Jump to content

Whats the issue with Khalsa as last name?


Guest
 Share

Recommended Posts

Writer: Yuktanand Singh

Waheguru Ji Ka Khalsa!

Waheguru Ji Ki Fateh!

I was asked:

Q: Please explain the issue you find with the Khalsa last name.

I can understand the enthusiasm of people who want to proudly bear the name Khalsa, and I do not want to discourage them in any way. However, when I see a mistake being made, I have to continue mentioning it, until, either, I am proven wrong, or the people admit their mistake and start correcting themselves. Even though I myself would like to proudly add Khalsa to my own name, I believe that such an act would be egotistic and blasphemous. Let us see why.

The term Khalsa is reserved for those Gursikhs who have perfected the spiritual principles of The Tenth Master. Khalsa is meant to be a spiritual clone of Guru Gobind Singh Ji, who is the father of Khalsa Panth. Let us not forget that Amrit is just a beginning on this Path. It is wrong to assume that a baptized Sikh is a Khalsa. The Sikhs respectfully call each other 'Khalsa'. However, calling ourselves Khalsa does not make us a 'Khalsa'.

We should strive to adhere to the traditions set by the ten Masters. It is quite obvious that Guru Gobind Singh Ji did not mean to use this word as a last name. Otherwise, he deserved to adopt it first, and he would have given it to his best Sikhs also. Instead, he named them 'Singh'.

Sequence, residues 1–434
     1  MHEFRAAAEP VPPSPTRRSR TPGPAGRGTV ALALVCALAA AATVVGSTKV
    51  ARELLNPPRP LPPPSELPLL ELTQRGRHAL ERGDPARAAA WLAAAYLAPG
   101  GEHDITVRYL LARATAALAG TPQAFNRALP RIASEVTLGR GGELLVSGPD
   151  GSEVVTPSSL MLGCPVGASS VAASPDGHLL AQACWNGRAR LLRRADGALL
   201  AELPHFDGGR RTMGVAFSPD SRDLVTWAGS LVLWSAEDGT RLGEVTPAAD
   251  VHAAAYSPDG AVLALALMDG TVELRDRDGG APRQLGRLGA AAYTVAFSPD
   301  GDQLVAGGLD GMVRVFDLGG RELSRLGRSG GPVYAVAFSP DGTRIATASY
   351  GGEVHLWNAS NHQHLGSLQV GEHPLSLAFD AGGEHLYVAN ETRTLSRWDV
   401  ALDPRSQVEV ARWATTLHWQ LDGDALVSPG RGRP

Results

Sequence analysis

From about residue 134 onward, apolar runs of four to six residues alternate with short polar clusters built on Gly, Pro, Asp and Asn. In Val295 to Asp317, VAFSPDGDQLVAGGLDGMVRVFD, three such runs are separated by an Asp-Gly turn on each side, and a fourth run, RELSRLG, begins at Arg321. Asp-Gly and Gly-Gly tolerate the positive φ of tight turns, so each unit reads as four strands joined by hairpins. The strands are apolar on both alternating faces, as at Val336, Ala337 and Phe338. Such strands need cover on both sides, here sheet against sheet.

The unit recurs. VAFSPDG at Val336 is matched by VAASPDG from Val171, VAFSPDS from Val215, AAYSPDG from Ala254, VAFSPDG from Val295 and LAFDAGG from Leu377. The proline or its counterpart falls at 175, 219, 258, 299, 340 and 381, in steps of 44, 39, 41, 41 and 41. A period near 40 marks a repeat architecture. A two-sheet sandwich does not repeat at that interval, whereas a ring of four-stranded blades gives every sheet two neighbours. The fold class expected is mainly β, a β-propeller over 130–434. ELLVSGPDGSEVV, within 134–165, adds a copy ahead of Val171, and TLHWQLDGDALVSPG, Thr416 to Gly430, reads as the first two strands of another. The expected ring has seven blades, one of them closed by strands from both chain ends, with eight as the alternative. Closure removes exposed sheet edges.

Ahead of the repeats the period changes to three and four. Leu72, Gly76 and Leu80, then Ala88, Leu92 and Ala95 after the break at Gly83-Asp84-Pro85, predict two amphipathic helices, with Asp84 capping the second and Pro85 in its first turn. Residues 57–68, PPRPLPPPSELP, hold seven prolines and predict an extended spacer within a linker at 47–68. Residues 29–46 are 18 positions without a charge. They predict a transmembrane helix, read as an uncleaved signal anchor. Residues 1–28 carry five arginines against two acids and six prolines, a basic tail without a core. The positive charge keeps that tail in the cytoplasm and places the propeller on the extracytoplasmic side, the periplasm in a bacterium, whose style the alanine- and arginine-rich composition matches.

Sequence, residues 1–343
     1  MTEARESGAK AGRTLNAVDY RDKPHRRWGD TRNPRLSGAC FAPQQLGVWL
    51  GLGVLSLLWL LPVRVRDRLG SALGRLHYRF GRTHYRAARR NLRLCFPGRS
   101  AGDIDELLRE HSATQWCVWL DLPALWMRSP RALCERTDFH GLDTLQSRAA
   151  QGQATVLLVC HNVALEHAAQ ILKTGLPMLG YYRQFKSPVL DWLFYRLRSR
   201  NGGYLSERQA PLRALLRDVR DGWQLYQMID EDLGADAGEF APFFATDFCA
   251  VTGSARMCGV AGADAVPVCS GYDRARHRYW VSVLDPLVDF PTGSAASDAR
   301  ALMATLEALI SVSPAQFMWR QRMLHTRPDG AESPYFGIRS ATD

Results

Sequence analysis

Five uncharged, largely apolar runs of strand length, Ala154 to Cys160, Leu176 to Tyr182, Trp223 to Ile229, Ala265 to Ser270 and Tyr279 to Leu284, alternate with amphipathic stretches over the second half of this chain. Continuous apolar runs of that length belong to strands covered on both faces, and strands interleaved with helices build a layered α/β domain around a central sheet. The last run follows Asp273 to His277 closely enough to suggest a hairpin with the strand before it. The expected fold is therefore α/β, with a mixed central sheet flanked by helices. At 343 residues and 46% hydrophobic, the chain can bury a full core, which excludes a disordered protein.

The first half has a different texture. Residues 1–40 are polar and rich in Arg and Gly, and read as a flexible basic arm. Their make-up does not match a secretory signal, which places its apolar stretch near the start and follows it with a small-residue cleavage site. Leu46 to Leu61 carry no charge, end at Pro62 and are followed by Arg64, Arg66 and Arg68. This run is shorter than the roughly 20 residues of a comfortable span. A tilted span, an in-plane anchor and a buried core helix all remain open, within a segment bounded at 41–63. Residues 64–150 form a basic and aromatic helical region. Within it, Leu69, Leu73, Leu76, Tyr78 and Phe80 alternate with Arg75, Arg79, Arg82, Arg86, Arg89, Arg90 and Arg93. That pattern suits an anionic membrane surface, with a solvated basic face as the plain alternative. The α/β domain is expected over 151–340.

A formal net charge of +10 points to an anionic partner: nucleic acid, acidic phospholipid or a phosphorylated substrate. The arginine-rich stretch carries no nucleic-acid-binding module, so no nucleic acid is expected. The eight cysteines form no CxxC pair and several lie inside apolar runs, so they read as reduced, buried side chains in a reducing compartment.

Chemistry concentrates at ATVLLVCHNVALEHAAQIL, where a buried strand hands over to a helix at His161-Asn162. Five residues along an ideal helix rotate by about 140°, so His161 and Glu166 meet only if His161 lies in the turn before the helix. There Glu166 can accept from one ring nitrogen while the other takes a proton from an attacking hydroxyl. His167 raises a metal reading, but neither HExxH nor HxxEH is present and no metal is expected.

To save myself some typing, I am going to use a few paragraphs from my article 'Guru and Sikh'. As I had written in that article, Khalsa is the highest, and the most glorified state, of a Sikh, who has attained spiritual perfection. The term 'Khalsa Panth' is used to indicate a fellowship of Sikhs who adhere to the principles taught by the Ten Sikh Masters, but this word should not be used for a single Sikh, simply on the basis of Baptism and the Five K's etc.

If we understand the real meaning of this word, then we will see that the act of calling ourselves Khalsa after taking Amrit is comparable to a scenario where every student enrolled in a (hypothetical) school called "Dean's University" calls himself a dean. If we understand correctly, we will see that the act of calling someone, who has taken Amrit a 'Khalsa', is, just a Sikh version of the worship of appearance and the ritual of Amrit. This results in spiritual degradation because taking Amrit is not an automatic conversion into Khalsa. Khalsa is a rare soul.